Katibat al-Imam al-Bukhari (KIB)


Katibat al-imam (KIB) is a U.S.- and U.N.-designated terrorist organization that was “the largest Uzbek fighting force” in Syria as of 2018. It has fought alongside Hayat Tahrir al-Sham (HTS), as well as running training camps for children in the northwest.* The group has been allied with HTS and with the Afghan Taliban since 2014.* During its 2016 attack on the Kurdish-controlled neighborhood of Sheikh Maqsoud in Aleppo, KIB fought alongside Ansar al-Islam, the Caucasus Emirate, and Jaish al Muhajireen wal Ansar.* Since its founding, KIB has worked closely with al-Nusra Front and the other pro-Nusra Uzbek group, Katibat al Tawhid wal Jihad (KTJ).* Like KTJ, KIB also has an Afghan branch, a splinter group from the Islamic Movement of Uzbekistan.* KIB’s Syria branch pledged allegiance to the Afghan Taliban in November 2014 and its leadership  continued to voice  support for the group through 2020. The U.S. State Department designated KIB as a Specially Designated Global Terrorist (SDGT) in March 2018.* However, in recent years KIB splintered, with most members joining the anti-Syrian regime faction Ahrar al-Sham which maintains a small military presence in Idlib.*


Salahadin al Uzbeki (deceased 2017), Abu Yusuf al Muhajir*

Base of Operations

Syria and Afghanistan*



Membership Size and Relevance

KIB has approximately 220 fighters spread between Syria and Afghanistan.* It was originally led by Afghan veteran Salahadin al Uzbeki until his death in 2017, after which KIB was led by Abu Yusuf al Muhajir.* However, as KIB no longer exists as a unified group in Syria and most of its members have joined Ahrar al-Sham, it is unclear on what grounds KIB remains a pro-al-Qaeda faction.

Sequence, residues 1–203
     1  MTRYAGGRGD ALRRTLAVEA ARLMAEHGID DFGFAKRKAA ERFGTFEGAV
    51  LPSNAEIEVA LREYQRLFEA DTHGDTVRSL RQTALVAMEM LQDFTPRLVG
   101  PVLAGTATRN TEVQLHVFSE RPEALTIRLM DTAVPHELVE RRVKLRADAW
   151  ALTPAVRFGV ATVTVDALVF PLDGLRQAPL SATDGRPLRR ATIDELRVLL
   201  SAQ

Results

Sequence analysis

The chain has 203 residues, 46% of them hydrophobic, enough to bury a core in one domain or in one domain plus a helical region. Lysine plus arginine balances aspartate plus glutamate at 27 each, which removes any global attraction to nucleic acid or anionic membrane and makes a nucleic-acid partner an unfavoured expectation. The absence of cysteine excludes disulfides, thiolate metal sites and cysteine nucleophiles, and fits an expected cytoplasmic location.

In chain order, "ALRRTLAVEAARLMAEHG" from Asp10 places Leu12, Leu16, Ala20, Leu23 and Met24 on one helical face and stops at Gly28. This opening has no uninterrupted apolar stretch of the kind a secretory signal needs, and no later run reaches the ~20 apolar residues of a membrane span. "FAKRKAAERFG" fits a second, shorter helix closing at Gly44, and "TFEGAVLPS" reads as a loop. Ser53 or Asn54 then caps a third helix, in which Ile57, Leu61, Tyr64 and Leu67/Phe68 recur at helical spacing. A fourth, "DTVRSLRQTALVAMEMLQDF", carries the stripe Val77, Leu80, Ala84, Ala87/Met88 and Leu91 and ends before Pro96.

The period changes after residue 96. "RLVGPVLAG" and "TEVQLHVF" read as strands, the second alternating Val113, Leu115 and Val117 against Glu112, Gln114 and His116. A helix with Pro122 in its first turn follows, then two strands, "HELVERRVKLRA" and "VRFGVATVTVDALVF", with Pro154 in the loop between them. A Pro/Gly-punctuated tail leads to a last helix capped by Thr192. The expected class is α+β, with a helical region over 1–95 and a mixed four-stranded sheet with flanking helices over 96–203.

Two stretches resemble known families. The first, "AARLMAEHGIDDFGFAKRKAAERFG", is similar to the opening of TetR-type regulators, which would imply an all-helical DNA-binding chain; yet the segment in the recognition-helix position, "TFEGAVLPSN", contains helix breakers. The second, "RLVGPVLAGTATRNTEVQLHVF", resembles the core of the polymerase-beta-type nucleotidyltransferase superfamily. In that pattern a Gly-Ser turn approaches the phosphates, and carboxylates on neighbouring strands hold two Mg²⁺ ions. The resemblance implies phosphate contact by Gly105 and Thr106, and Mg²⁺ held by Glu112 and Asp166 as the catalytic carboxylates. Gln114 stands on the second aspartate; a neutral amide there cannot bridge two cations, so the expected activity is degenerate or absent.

Recruitment and Propaganda

Both the Syrian and Afghan branches of KIB have recruited the children of fighters into training camps, where they are taught how to handle weapons and engage in physical training exercises.* KIB has operated at least two training camps in Syria since as early as 2014, and regularly published videos showcasing the training of foreign and Syrian fighters.* The group also posted accounts of its ongoing military operations on YouTube, Vimeo, and Telegram.*

Violent Activities

KIB has fought alongside al-Nusra Front (and later HTS), and other pro-al-Qaeda factions in Syria since it formed in 2014.* The group has participated in the major offensives in Idlib in 2015 and in Latakia and Aleppo in 2016.* KIB fought against both Syrian regime and Kurdish forces in Aleppo city during the fall of 2016.* Despite significant losses for the Syrian opposition, KIB has continued to play a frontline role in battles around northwest Syria, including the 2019 fighting in northern Hama and the 2020 fighting in Idlib against the Syrian regime.* The group utilizes heavy mortars and trucks mounted with large anti-air cannons, along with light and heavy machine guns.*


  • July 2016: KIB releases a video prominently featuring the former leader of al-Qaeda Osama Bin Laden and included eulogies for other slain members of al-Qaeda.*
  • February 2020: KIB leader writes in a letter congratulating the Taliban for its deal with the United States, “the US and NATO forces, who claim to be divinely human and claim divinity on earth…are despised, degraded, and [have] recognized the defeat of their crusade….[the] Americans considered them [the Taliban] naive and helpless, but they are powerful by the promise of God…Let us remember some of the milestones and successes of the Islamic Emirate of Afghanistan [the Taliban]…Mullah Omar did not hesitate at all when he received the news that America had attacked Afghanistan.”*

Daily Dose

Extremists: Their Words. Their Actions.


On May 8, 2019, Taliban insurgents detonated an explosive-laden vehicle and then broke into American NGO Counterpart International’s offices in Kabul. At least seven people were killed and 24 were injured.

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